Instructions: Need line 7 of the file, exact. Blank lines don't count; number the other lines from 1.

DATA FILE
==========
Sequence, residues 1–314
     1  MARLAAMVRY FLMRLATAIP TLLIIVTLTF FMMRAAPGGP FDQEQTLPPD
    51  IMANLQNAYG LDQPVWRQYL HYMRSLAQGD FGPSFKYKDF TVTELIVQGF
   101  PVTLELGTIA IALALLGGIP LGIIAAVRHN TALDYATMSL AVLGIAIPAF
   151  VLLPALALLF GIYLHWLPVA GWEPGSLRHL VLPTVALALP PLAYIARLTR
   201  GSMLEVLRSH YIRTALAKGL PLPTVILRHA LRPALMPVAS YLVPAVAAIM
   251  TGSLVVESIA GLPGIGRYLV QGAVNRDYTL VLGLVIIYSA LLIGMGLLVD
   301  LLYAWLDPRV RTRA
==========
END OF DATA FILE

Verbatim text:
   251  TGSLVVESIA GLPGIGRYLV QGAVNRDYTL VLGLVIIYSA LLIGMGLLVD